Which Python libraries are your favorite (core or 3rd party)?
It’s hard to pick a few! I would say I’m an enormous fan of the typical python data stack, by which I mean libraries like NumPy, SciPy, Pandas, Polars, pyspark, Dask, statsmodels, PyMC3, scikit-learn, to name a few. They’re tools, and like all tools they have their strengths and limitations, but I’ve always appreciated their fantastic documentation and the communities behind them.
I would also add the core package `pdb`. I love the `pdb` debugger and it makes me sad when I switch over to another language and can’t find a tool that works equally well…
How did you get involved with the causal-curve project?
I started causal-curve in the dead of the first COVID summer in 2020. Everyone I spoke with at the time was scared, confused, isolated, and bored. Primarily, it was a project to give my mind something to focus on, but I genuinely noticed a gap in a subfield known as “causal inference” within the data science / data analysis python space. It was a problem I regularly came upon in my professional work involving causal inference, and yet there didn’t seem to be any established tools for addressing it in python (there were and are many papers in the academic literature around this topic).
I’m not arrogant enough to assume your readers would know about `causal-curve`, so I’ll briefly describe what it does.
In industry and in academia, the best tool we have for determining the effect some has on some outcome is to do an experiment where you have a “treated” group and some sort of control group. In the medical field, for example, they will randomize the folks in some population to either receive a new drug (the treatment) or get a sugar pill (the control), and then follow them up to see whether their cholesterol levels (for example) have improved after 6 weeks. The experiment allows you to determine the true causal effect of the treatment (assuming the experiment was run properly). Experiments aren’t always feasible though, particularly in the tech industry at a company; they can be resource-intensive or tricky to run. You can’t simply look at raw correlations and averages in observational, non-experimental data, because they are subject to all sorts of biases (e.g. confounding). “Causal inference” methods are a set of tools for taking observational, non-experimental data, and making clean causal estimates from them, like you would have gotten from an experiment if you were able to run one.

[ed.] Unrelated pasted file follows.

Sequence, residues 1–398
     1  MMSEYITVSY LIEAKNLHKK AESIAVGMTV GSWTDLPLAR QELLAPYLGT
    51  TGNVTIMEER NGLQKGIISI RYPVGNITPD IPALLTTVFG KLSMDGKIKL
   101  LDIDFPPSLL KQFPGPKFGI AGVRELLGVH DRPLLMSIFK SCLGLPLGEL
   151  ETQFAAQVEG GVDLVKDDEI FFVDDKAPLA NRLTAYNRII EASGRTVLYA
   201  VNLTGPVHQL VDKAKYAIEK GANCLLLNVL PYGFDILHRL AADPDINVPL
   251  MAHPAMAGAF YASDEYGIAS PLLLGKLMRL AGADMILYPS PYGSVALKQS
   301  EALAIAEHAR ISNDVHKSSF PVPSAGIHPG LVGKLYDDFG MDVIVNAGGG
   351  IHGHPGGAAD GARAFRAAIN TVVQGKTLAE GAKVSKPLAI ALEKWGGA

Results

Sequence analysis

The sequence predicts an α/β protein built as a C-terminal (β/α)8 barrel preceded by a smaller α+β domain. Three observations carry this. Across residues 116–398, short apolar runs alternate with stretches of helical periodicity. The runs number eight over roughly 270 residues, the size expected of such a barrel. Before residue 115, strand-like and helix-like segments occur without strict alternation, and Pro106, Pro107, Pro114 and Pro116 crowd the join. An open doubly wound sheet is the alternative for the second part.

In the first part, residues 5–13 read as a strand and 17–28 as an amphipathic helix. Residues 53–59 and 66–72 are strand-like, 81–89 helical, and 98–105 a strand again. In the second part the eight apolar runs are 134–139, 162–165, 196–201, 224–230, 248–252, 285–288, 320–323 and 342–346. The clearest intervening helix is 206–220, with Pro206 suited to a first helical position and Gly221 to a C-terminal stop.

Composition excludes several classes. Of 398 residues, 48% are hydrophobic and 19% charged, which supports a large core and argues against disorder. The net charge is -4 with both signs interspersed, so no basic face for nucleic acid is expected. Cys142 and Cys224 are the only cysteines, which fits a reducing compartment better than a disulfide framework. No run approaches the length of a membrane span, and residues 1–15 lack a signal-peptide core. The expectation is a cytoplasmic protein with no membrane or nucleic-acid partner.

Typically causal inference methods assume the “treatment” is binary (e.g. you saw an ad vs you didn’t), but there are tons of scenarios where a treatment could be continuous in nature (e.g. price of a product, minutes per week of exercise someone does, customer service phone wait times in minutes). This python package allows one to estimate the “causal curve”, or the causal relationship between some continuous treatment and some outcome.
What do you love about causal-curve?
Primarily, I love hearing from folks that they found causal-curve to be useful 🙂
Is there anything else you’d like to say?
I don’t think I have to say this as the python community is a friendly lot but just in case… a friendly reminder for the more experienced python developers out there: be kind to and mentor junior folks!
Thanks for doing the interview, Roni!